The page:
First the posterior and then the anterior stapes crus is fractured with a medium-sized 90° or 45° hook that is applied close to the footplate and is twisted slightly toward the promontory to shear off each crus at its base (Fig. 21.5). The stapes arch is extracted with a microforceps (Fig. 21.6).
Opening the vestibule. The mucosa surrounding the foot-plate is scored and divided with a slightly curved needle. The mucosa may then be separated from the footplate, although this is not essential (fragments may remain attached to the mucosa during footplate extraction). Working under high magnification, the surgeon perforates the footplate at the junction of the middle and posterior thirds with the perforator, which is applied to the footplate with a slight twisting motion (Fig. 21.7). The hand should be securely braced to avoid exerting too much pressure.
Footplate extraction. The footplate (if still intact) is now split apart with fine 45° or 90° hooks inserted into the perforation. The posterior third of the footplate or the fragments are first elevated with a 45° hook and then extracted with a 90 ° hook (reinforced Fisch or Plester hook or pick, Fig. 21.8). High magnification is still used at this stage to avoid penetrating too deeply into the vestibule. Under no circumstances should these manipulations cause mobile portions of the footplate to sink into the vestibule.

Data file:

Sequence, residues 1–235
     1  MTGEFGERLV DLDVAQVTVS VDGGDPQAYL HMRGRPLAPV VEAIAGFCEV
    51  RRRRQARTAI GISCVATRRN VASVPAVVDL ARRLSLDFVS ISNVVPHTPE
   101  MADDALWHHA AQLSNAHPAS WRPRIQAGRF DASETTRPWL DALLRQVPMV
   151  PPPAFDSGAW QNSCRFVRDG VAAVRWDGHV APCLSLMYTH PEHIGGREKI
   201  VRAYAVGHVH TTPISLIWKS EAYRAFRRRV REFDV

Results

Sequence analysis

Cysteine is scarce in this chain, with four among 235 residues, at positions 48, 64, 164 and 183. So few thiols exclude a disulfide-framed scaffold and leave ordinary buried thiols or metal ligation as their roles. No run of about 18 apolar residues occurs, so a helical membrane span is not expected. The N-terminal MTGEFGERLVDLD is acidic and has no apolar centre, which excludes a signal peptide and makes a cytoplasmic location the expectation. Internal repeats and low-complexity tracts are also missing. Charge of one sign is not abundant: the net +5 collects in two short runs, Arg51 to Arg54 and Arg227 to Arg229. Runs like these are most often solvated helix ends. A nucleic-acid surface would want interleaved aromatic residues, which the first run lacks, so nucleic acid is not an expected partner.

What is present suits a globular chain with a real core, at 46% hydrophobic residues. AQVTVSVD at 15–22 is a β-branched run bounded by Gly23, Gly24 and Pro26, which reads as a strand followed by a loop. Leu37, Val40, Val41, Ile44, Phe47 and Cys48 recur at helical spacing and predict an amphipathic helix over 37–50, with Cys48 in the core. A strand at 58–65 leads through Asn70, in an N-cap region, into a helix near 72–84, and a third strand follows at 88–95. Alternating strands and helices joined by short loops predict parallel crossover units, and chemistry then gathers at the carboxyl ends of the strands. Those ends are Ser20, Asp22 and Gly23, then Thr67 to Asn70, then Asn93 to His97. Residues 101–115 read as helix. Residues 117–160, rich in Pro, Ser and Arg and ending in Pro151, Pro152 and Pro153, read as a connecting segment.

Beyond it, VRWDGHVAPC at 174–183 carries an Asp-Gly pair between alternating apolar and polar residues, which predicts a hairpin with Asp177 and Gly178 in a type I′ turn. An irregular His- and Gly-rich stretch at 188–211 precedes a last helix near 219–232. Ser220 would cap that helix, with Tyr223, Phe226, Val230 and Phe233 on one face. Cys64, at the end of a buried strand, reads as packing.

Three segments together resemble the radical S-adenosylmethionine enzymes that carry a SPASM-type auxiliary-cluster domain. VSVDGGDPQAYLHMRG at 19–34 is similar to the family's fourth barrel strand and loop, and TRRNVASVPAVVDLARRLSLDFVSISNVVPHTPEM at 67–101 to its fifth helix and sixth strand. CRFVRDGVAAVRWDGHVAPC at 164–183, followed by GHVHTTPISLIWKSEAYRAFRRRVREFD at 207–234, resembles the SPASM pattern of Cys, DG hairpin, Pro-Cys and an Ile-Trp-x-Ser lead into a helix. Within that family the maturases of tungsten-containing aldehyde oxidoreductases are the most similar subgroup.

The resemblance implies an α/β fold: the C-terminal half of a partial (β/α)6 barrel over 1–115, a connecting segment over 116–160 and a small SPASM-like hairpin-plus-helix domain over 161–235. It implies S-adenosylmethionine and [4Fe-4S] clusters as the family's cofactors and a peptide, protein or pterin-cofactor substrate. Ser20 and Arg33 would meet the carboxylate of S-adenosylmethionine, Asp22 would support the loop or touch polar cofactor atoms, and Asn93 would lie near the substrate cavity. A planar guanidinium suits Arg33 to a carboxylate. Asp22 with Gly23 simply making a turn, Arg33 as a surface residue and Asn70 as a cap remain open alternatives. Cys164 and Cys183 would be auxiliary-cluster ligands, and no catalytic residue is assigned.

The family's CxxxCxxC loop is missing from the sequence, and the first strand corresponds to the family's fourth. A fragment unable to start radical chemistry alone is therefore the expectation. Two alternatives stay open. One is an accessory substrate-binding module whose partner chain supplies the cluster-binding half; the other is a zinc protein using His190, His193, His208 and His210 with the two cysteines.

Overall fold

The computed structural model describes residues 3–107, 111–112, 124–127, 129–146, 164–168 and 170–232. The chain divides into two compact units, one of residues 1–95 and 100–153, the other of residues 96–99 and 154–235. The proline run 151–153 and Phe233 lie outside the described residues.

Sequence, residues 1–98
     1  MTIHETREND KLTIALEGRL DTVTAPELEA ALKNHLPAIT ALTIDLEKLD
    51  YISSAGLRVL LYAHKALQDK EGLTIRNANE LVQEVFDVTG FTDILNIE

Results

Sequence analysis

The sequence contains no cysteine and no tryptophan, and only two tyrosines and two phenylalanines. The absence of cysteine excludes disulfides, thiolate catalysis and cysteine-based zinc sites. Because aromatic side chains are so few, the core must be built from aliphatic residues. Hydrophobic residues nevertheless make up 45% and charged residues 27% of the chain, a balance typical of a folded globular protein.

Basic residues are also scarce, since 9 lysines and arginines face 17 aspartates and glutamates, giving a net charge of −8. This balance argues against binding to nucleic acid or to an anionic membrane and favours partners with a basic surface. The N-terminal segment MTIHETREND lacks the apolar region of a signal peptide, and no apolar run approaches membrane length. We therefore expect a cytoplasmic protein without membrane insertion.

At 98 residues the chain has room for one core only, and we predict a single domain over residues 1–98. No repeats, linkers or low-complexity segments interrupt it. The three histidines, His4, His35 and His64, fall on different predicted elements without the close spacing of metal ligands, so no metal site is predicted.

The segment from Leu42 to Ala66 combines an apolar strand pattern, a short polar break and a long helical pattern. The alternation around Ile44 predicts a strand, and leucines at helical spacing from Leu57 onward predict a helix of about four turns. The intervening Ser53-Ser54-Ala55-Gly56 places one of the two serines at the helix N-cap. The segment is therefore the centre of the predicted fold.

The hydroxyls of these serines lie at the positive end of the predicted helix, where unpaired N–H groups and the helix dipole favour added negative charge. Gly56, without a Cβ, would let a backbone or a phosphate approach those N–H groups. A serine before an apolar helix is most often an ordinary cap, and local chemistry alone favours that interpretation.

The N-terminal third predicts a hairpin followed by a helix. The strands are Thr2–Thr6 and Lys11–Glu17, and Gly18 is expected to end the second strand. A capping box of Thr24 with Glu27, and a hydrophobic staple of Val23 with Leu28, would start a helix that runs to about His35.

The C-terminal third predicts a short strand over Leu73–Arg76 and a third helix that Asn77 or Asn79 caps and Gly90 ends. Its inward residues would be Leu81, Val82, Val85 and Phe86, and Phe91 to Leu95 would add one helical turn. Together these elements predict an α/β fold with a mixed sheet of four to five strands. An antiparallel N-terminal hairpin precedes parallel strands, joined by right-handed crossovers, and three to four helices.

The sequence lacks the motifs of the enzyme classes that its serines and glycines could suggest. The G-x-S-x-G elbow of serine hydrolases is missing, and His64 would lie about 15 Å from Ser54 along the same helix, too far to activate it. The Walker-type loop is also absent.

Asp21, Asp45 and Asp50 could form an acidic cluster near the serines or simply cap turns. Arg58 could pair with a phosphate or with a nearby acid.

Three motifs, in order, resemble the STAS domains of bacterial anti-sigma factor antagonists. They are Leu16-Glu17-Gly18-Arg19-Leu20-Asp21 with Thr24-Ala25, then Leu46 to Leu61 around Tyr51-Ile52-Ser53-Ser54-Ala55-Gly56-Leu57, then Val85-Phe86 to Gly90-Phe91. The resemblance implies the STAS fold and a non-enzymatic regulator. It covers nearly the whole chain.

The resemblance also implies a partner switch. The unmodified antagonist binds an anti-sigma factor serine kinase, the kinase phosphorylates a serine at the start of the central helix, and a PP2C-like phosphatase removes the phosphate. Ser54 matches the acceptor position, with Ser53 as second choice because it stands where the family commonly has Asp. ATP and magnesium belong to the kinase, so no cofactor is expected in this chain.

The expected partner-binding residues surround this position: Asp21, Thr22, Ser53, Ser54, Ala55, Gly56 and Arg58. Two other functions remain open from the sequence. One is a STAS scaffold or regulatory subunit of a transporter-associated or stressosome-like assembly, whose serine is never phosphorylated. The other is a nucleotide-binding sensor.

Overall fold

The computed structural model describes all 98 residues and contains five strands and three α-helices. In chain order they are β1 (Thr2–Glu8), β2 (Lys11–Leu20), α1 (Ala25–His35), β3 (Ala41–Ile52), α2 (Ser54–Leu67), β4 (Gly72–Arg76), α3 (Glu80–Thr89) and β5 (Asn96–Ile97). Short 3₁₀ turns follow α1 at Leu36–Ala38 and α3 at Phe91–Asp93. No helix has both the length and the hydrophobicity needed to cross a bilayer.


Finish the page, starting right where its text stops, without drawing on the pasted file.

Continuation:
Reconstruction. The stapes prosthesis (e. g., platinum band–Teflon or titanium model, properly sized, average length 4.5 mm, piston diameter 0.4–0.8 mm) is grasped with a fine alligator forceps and held so that the long axis of the prosthesis is at a slight angle to the forceps axis (Fig. 21.9). The eyelet of the prosthesis is threaded over the long process of the incus. The lower end of the piston should project only ca. 0.2–0.3 mm into the vestibule. The position of the prosthesis can still be adjusted at this stage with the 90° hook. When the piston is perfectly positioned, the eyelet is crimped onto the long process of the incus with a McGee forceps (Fig. 21.10), and the placement is again checked for accuracy. The small pieces of connective tissue harvested at the start of the operation are packed around the piston to seal the window (Fig. 21.11).
Concluding the operation. Blood clots are suctioned from the hypotympanum, and the tympanomeatal and meatal flaps are returned to their original positions. The ear canal is lined with silicone film and packed with ointment-impregnated strips. The wound is closed and a dressing is applied.
If the footplate is generally mobile during manipulations before the perforation has been made, the surgeon should attempt to separate the annular ligament at a small site with a needle, working toward the promontory, or drill a small hole directly adjacent to the annular ligament with a very fine, low-speed diamond burr to create a site where a hook can be passed beneath the footplate to elevate it. The oval window is then covered with a small piece of connective tissue that overlaps the window on all sides, creating a foundation on which the prosthesis is placed. With proper facilities, a better option is to convert to a laser stapedotomy, in which even a floating footplate can be perforated using a noncontact laser technique.